Physiology Lab (Phsl 3063, Phsl 3701)

Fall 2012












Lesson Summaries

Review Material


Atlas of Human Cardiac Anatomy


BME Department

Physiology Department

Institute of Technology









Lessons 1 & 2 - EMG I & II

There are three types of muscle in the human body: 1) Skeletal, 2) Cardiac, and 3) Smooth. Skeletal muscle will be addressed here.

Skeletal muscle is a specialized tissue because of its ability to contract, which ultimately allows your body to move. Its ability to contract is due to units within the muscle cells called sarcomeres. Sarcomeres can contract because they contain two filaments, actin and myosin. In the presence of ATP and calcium, these filaments interact to cause contraction of the sarcomere.


When you want to pick something up, your brain sends a signal down the spinal cord to the set of motor neurons that control the muscles in your arm. A motor neuron is a specialized neuron that innervates a specific set of muscle cells; one motor neuron and the muscle cells it innervates are called a motor unit. When a somatic motor neuron is activated, all of the muscle fibers it innervates respond to the neuron’s impulses by generating their own electrical signals that lead to contraction of the activated muscle fibers. The size of the motor unit arrangement of a skeletal muscle (e.g., 1:10, 1:50, or 1:3000) is determined by its function (flexion, extension, etc.) and location in the body. The smaller the size of a muscle’s motor units, the greater the number of neurons needed for control of the muscle, and the greater the degree of control the brain has over the extent of shortening. For example, muscles which move the fingers have very small motor units to allow for precise control, as when operating a computer keyboard. Muscles that maintain posture of the spine have very large motor units, since precise control over the extent of shortening is not necessary.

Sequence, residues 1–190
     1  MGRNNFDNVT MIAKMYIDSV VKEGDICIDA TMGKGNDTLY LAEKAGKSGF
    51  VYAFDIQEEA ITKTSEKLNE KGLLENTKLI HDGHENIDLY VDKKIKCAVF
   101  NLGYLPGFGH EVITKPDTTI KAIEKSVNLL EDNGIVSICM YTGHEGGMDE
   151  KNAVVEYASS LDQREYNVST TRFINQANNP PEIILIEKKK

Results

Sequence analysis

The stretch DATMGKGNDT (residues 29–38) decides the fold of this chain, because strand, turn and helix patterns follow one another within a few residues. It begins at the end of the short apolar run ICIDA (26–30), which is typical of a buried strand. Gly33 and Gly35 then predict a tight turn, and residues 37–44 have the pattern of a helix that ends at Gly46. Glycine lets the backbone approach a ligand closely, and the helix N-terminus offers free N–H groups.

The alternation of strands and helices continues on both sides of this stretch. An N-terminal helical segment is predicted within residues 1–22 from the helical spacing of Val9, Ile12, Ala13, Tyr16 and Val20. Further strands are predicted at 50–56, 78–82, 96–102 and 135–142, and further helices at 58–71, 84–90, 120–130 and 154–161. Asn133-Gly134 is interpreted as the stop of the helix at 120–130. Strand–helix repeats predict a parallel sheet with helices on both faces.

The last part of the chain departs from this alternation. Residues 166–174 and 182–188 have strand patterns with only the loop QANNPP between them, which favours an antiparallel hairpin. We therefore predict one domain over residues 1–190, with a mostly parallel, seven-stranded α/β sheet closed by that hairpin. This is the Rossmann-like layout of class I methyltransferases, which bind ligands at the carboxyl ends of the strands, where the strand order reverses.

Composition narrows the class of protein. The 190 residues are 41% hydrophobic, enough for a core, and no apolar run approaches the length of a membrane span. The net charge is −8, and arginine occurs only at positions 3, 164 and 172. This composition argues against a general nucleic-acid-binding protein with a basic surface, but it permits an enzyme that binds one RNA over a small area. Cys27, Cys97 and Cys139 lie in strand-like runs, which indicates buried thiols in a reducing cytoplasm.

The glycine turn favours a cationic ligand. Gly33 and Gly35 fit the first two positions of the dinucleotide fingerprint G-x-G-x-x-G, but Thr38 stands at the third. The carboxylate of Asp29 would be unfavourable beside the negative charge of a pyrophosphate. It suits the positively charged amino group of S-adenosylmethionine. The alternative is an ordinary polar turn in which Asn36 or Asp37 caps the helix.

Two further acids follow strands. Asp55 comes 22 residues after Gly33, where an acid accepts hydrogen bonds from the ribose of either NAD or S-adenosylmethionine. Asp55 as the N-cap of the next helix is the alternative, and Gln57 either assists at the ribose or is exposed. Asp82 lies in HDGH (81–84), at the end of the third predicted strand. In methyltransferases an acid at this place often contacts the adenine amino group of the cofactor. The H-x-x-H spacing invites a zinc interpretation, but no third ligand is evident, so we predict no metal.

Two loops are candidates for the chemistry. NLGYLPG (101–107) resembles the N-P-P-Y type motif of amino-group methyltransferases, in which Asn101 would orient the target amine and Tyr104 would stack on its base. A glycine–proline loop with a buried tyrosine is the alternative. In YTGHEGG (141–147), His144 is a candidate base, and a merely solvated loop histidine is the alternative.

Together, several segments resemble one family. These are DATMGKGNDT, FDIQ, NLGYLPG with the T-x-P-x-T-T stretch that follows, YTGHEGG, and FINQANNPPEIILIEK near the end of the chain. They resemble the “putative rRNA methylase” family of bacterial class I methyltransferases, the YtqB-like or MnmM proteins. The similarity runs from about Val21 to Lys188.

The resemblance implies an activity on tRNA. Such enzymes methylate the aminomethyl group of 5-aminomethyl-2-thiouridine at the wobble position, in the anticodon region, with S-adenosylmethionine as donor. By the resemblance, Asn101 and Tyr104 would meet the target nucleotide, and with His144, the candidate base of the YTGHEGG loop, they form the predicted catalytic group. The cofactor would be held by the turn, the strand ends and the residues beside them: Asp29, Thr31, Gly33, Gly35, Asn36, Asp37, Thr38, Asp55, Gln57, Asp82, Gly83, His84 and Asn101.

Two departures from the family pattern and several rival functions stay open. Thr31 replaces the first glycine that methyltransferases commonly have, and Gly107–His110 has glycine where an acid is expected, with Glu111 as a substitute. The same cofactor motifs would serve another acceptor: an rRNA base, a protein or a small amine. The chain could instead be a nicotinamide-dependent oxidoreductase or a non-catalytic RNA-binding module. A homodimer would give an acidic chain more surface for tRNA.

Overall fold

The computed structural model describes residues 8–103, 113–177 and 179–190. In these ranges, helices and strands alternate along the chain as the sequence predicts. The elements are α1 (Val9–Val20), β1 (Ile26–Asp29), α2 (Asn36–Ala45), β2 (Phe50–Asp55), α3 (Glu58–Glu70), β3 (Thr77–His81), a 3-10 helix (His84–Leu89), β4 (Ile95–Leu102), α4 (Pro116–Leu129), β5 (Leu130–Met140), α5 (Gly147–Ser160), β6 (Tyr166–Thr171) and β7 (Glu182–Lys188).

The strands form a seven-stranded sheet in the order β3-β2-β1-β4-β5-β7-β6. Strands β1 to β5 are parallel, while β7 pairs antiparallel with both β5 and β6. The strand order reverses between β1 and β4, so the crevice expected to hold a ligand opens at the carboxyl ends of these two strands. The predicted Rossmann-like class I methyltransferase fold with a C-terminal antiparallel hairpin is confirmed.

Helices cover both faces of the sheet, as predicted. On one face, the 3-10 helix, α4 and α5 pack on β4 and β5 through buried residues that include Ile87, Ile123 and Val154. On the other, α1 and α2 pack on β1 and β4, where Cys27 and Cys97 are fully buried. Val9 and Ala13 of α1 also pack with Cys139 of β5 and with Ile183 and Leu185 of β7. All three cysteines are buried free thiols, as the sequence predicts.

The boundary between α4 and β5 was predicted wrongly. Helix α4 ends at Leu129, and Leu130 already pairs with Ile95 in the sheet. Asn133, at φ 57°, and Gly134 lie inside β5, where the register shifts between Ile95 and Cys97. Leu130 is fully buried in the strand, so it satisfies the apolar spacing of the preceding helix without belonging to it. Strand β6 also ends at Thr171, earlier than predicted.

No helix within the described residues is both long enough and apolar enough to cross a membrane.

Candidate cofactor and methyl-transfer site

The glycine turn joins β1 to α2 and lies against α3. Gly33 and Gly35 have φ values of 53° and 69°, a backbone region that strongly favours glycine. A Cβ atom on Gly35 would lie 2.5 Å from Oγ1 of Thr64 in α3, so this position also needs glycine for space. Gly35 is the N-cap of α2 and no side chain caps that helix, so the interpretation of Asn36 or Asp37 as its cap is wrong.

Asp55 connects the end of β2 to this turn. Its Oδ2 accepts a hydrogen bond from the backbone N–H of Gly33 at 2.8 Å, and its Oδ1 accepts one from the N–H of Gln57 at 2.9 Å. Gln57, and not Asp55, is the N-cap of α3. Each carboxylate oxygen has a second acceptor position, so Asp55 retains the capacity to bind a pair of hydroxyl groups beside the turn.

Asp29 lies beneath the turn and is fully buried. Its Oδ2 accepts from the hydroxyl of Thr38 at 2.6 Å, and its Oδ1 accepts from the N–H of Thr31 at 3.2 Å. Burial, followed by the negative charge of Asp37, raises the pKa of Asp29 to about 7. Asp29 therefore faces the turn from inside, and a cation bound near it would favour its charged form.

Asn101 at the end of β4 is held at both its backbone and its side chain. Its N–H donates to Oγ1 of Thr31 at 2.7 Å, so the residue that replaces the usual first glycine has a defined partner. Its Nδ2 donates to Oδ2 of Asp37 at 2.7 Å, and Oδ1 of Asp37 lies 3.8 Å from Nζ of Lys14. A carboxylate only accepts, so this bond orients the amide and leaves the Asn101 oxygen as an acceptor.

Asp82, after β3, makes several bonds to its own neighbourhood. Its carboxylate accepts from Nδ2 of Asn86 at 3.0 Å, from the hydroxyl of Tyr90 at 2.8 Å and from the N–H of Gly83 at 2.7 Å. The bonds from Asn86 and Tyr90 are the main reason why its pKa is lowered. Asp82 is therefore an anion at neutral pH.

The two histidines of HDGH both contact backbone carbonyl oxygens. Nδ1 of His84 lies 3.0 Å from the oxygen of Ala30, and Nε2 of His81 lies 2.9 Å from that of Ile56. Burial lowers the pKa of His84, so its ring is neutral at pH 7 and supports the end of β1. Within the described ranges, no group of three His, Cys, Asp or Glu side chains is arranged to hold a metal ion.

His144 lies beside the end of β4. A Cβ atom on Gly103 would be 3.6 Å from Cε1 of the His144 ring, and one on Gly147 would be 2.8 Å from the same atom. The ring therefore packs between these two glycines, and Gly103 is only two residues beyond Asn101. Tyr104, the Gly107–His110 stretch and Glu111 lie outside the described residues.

Physiologically, the degree of skeletal muscle contraction is controlled by:
1. Activating a desired number of motor units within the muscle, and
2. Controlling the frequency of motor neuron impulses in each motor unit.
When an increase in the strength of a muscle’s contraction is necessary to perform a task, the brain increases the number of simultaneously active motor units within the muscle. This process is known as motor unit recruitment.

otor units
Image from

A couple of additional concepts these modules addressed are that of Tonus and Fatigue.

Tonus is the tension your muscle has at rest. Increased TONUS = increased level of readiness.

Fatigue occurs when the muscle force is reduced for a given short your muscle gets tired. Fatigue can occur for a few reasons:

1) Neuromuscular fatigue in which the motor neuron has reduced availability of acetylcholine thereby reducing the end-plate potential and the number of muscle action potentials (APs). Generally, the muscle will fatigue prior to neuromuscular fatigue.
2) There may be less ATP available for crossbridge action. Reducing the number of crossbridges reduces the force of the contraction.
3) Lactic acid accumulation interferes with the coupling of muscle AP with contractile processes.
4) The ionic balance for AP propagation may be affected by the relative lack of ATP for the Na+-K+ ATPase pump so that AP propagation is impaired.







This page was last updated on November 10, 2008